But in recent months I’ve found myself browsing Flickr as much as ever, and I miss posting to it. I’ll stop short of saying I’ve missed contributing to it, but I suppose that’s what it feels like.

And I find that the stuff I see on Flickr is just so damn inspiring that it inevitably makes me want to do a better job of editing my own images, and uploading things to Flickr still feels inherently very different to putting things on Instagram.

I’m going to keep my Flickr subscription as a rolling monthly thing for a while to see if I enjoy being back using it properly.

Are you still using Flickr? Hopefully we’re already friends. If not, why not add me, or let me know where to find you. Here’s me: https://www.flickr.com/photos/paulcapewell/

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Finally, this newfound active use of Flickr has led to me revisit hundreds (or even thousands) of photographs I took in the fallow period where I stopped uploading things there. And that meant that pictures I’ve taken have just sat in Lightroom without even being given a second look. Which is madness. I just needed a reason to return to them, and using Flickr again has offered me such a reason.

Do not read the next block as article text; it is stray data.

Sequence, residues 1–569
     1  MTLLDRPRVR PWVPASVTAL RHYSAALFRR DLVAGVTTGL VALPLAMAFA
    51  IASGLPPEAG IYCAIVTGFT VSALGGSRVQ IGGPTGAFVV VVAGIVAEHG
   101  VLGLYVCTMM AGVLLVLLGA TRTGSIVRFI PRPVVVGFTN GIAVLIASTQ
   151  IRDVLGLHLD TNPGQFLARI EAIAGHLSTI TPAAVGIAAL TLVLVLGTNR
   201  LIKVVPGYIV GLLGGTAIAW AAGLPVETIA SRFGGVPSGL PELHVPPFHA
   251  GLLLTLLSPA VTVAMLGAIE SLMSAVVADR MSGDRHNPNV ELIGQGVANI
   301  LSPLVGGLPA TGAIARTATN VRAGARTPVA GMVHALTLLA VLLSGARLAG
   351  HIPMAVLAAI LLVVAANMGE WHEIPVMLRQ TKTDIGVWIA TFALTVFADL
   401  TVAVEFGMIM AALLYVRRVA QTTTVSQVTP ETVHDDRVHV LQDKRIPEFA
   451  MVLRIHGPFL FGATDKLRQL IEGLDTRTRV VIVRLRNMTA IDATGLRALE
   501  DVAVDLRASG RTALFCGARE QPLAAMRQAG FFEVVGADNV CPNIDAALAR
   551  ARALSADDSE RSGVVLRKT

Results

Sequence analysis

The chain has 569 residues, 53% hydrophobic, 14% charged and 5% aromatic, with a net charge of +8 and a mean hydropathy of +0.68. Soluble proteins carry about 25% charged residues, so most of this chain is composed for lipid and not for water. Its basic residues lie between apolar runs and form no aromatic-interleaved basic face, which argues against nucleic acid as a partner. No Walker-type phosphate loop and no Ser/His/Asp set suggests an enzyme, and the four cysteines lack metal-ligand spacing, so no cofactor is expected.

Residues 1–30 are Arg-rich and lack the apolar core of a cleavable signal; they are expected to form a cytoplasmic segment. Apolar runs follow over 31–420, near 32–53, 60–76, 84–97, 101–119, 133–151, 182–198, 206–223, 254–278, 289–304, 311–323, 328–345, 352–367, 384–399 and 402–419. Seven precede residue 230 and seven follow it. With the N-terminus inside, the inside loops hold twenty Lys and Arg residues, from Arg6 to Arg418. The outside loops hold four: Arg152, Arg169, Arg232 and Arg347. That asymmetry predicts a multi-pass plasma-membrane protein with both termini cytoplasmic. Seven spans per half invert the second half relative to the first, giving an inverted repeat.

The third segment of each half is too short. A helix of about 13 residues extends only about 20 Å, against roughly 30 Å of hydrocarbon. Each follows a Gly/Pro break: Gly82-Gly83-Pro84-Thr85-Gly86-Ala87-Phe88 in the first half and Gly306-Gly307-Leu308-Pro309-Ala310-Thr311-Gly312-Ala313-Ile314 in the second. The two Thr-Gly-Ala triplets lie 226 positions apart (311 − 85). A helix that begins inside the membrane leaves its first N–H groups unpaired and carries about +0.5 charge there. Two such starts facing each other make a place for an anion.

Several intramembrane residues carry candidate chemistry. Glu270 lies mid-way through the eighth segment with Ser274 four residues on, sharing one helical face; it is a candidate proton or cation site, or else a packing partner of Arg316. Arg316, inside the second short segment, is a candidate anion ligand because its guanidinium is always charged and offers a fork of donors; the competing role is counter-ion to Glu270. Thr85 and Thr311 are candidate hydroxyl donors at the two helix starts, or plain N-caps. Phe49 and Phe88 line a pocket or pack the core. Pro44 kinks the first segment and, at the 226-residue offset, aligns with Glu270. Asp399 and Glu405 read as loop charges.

I don’t mind editing in Lightroom on the desktop, but I thought it was time I revisited Lightroom on iOS and Android, and I’m glad I did as the applications have improved massively.

And it’s meant that I’ve really had fun editing old photographs, and been reasonably pleased at what I’ve found. It has breathed new life into photos taken on trips that would otherwise just be forgotten. So I feel like it’s time well spent. It’s also nice to spend these dark winter days editing photos taken on interesting trips.

It’s been especially nice revisiting the pictures I took in Rothenburg – but that’s hardly fair, as it’s probably quite difficult to take a bad photograph of that place.

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That’s all for now.

 

A week of notes

I’ve restarted my subscription to Flickr. I don’t know what came over me, but ever since all the stuff with limiting free accounts, I’ve found that I still regularly follow people on Flickr and even go looking for new people to follow all the time. So it’ll be nice to post things again.

img_20191114_181107Last week I was very happy to see my dear friend Jessica launch her new book Two Trees Make a Forest at Daunt in Hampstead. I managed to buy the book a few days before release date (which is something I used to love doing particularly when it came to new music), and despite being an ebook guy, I love the physical edition: there are maps and Chinese characters and the first chapter looks like this (and it doesn’t look like that on my Kindle, I can tell you)

On my cycle commute home I came to a traffic light on which the red light wasn’t working. Luckily the other two lights were working, but the red one is quite important. I recently learned that in London, Transport for London controls all traffic lights, and I also learned that TfL are very responsive on Twitter DMs for this sort of thing. The light was repaired within 24 hours.